IMO our ruling class is throwing in the towel on such fundamentals as: merit, free markets, prudent government finances, free-speech, racial equality, quality education system, surplus trade balances etc. All the indicators seem to be both a moral and economic decline.

….

I think people in other Authoritarian states might have a different perspective on Bitcoin, it is like Gold but much more portable and concealable.

=====================================

The looting started with the Reagan/Thatcher/Mulroney deregulations that created the financialism that isn’t capitalism, started junk bonds and derivatives and magic accounting, dismantling protectionism and globalist trade that allows free flow of capital and goods (somewhat) but still held labour nationally and regionally prisoner (gee, wonder who loses in that setup?). And instead of wage growth we substituted that with credit growth coupled with the growth of the two income household. Then the looting took off like a rocket with QE. And here we are. ‘Looting’ is the very proper term for what this deregulated financialism has done to our great post ww2 gains of the middle class. Looting of the treasury, Looting of labour. And most of us on here I think we’re fortunate enough to have seen what was happening and ridden the coattails of the looters to give ourselves a chance. I’ve done it. but that doesn’t mean we don’t see it for what it is, and it doesn’t mean we like it.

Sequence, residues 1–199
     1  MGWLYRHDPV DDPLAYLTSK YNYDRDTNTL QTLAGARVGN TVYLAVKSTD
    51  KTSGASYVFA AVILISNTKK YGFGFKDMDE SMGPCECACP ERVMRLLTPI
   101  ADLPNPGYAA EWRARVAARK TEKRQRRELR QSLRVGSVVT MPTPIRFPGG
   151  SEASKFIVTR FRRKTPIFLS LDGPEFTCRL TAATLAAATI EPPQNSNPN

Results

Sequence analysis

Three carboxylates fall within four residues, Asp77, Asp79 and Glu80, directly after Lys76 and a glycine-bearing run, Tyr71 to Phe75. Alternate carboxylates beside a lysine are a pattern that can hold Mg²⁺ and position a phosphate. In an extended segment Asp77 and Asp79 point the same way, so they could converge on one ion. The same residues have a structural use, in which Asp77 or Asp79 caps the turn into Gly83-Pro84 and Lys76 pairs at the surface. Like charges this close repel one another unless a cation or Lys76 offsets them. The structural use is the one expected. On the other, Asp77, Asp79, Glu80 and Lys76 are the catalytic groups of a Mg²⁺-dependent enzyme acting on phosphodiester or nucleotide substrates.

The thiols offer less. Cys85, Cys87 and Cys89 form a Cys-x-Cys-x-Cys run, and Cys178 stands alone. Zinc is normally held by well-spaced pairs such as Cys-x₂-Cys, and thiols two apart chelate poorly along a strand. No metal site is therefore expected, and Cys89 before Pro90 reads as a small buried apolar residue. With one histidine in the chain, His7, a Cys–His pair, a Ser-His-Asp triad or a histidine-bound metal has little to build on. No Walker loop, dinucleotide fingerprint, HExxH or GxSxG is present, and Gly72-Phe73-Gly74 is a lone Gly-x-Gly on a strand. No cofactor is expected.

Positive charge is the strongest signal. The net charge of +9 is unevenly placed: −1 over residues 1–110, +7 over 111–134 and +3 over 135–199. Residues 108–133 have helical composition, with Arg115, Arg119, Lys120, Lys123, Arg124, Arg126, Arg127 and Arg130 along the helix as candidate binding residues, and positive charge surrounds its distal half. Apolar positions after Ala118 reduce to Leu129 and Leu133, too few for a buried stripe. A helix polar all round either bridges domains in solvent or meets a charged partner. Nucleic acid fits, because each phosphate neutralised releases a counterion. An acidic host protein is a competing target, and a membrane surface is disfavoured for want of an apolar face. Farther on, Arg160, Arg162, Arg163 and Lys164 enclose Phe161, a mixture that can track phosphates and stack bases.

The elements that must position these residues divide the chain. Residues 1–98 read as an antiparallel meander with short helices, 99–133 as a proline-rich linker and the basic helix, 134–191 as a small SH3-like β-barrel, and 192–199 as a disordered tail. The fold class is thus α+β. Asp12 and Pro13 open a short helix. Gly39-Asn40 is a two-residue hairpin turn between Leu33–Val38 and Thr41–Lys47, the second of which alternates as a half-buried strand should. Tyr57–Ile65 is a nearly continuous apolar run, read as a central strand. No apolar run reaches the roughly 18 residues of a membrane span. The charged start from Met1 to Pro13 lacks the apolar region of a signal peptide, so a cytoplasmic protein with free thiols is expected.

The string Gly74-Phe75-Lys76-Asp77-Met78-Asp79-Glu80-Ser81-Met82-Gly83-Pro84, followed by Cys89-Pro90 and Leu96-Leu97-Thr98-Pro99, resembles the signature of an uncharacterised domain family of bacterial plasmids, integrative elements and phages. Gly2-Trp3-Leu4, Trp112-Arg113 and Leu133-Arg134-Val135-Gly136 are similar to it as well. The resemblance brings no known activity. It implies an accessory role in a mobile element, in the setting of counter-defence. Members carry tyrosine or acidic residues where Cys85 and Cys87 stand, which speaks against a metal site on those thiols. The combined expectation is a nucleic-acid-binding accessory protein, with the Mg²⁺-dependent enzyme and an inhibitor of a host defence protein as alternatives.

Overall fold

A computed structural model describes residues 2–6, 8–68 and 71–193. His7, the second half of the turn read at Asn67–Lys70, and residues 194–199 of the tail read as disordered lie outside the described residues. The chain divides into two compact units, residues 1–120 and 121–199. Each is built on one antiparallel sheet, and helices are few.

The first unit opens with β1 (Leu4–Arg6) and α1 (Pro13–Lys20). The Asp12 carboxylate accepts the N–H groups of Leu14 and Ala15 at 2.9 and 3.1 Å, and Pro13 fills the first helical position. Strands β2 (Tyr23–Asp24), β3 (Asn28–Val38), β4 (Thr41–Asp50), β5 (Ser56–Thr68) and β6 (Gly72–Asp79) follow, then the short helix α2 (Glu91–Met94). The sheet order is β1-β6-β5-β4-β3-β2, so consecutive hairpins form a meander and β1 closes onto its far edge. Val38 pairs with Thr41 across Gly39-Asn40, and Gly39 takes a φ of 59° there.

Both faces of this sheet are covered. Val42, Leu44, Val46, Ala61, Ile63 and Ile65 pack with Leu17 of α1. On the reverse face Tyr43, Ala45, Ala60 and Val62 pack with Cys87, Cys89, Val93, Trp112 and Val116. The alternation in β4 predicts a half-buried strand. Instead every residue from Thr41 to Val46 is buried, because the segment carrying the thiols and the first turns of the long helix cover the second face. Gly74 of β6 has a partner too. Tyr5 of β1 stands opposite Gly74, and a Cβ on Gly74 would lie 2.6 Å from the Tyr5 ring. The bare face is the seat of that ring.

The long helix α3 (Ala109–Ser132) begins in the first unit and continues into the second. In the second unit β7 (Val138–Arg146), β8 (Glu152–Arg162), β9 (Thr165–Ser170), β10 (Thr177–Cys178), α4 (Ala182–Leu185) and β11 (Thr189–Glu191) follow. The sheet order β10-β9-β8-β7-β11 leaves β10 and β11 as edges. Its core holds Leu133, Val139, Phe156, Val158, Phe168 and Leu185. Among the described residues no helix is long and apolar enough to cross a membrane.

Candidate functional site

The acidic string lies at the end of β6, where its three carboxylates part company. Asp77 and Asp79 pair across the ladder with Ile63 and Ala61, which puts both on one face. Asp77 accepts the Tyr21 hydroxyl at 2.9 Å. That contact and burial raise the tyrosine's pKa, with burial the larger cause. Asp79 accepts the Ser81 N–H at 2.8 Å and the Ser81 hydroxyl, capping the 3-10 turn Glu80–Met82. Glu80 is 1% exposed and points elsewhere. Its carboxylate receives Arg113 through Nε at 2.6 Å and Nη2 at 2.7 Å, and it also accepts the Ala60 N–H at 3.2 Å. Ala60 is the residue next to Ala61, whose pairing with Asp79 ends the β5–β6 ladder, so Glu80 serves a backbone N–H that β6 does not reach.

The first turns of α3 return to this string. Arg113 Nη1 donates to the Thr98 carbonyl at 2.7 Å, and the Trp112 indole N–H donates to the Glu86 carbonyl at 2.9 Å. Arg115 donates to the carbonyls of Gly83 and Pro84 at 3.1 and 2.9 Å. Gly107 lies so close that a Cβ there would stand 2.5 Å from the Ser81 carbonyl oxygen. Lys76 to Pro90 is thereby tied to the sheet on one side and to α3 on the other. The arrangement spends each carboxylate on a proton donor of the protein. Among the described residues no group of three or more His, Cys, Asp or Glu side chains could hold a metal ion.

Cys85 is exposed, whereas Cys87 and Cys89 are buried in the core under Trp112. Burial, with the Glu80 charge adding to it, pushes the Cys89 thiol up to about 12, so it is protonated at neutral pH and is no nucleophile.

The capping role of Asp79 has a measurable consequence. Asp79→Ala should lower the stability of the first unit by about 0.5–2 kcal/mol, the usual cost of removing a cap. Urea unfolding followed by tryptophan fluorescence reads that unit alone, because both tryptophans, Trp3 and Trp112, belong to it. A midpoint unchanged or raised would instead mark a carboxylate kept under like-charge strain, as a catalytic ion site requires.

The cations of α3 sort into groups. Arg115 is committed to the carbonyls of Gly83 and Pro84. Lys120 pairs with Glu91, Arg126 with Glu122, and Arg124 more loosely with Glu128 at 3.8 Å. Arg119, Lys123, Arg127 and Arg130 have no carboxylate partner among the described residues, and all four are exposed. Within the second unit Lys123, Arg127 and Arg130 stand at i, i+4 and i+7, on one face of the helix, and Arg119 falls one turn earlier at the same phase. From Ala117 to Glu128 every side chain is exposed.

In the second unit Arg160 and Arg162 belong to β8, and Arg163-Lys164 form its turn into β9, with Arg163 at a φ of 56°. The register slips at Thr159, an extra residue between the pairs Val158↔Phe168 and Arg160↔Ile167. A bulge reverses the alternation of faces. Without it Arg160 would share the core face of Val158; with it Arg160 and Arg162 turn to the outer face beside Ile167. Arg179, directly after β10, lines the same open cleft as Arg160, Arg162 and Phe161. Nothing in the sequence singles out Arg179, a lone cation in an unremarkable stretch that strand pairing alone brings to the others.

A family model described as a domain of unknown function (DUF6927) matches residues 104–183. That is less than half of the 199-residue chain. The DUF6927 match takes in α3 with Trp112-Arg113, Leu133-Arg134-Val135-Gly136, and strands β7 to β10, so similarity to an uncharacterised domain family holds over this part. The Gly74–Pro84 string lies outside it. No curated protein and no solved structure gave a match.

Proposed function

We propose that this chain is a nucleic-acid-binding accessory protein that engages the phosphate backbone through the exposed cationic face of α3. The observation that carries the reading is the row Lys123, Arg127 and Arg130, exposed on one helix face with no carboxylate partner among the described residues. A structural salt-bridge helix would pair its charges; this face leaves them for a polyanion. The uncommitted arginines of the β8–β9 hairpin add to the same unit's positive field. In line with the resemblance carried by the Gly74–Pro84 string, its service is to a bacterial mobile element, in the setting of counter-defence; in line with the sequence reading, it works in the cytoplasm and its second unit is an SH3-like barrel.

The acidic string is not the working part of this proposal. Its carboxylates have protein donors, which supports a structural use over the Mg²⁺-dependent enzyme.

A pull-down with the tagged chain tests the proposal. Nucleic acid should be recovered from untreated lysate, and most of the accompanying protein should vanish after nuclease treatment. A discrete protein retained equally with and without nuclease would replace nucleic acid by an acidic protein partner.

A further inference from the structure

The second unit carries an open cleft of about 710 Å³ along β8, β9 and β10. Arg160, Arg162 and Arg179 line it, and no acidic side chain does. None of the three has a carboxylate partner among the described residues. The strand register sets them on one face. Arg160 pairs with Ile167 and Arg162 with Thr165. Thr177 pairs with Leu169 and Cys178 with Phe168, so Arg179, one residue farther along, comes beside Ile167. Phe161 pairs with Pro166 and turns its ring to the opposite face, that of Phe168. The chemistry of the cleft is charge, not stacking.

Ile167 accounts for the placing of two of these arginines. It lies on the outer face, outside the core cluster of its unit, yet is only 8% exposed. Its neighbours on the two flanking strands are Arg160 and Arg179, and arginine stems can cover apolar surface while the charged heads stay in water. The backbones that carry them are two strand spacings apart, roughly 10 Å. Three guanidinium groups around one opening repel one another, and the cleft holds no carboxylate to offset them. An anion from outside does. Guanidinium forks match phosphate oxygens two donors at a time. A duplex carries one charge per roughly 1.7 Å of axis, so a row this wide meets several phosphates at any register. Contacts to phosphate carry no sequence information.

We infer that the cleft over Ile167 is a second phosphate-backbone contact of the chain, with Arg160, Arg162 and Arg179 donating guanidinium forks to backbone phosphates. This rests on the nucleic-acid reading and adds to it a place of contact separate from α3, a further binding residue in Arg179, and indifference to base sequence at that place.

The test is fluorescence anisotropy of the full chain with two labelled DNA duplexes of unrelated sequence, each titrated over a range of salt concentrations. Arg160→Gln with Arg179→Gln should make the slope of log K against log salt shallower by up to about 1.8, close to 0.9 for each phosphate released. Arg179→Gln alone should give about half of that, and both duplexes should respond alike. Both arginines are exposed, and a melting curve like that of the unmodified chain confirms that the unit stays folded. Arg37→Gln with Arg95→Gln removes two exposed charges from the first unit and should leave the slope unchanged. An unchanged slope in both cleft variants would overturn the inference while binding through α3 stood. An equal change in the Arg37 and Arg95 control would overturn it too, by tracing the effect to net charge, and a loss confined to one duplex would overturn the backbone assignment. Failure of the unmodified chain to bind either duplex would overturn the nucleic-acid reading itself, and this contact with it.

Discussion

As for crypto, the big drawback is governments on a whim can shut it down.

#142 Ontario driver on 03.28.22 at 2:38 pm

Just got $470 sticker rebate from Ontario government. I assume the QE 401 400 etc will become pay highways,thats what the new 5g towers are for

#143 Froggy on 03.28.22 at 2:43 pm

#31 l don’t know well there’s
a lot you don’t know let me give
you an example when you see
a child around 6-12 thats has everytbing imageable like a scooter nice choth a computer,mother and father with a car private school and so on and then north america incl. Canada burn mybe 30 per cent of all the energy there is in the world and profit from all the misery that comes with it . So l agree we live in a place that’s indetbed to the rest of the world. Oh and by the way what happened to the phillipines ,hati ,cuba ,afgan, mexico and many more because there in our backyard we have total control like the phillipines in our backyard where we have south korea snd japan in our pockets

#144 Six Figs Ain't What It Used To Be on 03.28.22 at 3:03 pm

“Middle class” people aren’t buying homes with million dollar mortgages, although some certainly are cracking those prices on the backs of huge downpayment support from the parental units… The people with million dollar+ mortgages are seldom the ones who can’t rub two pennies together for an unexpected bill.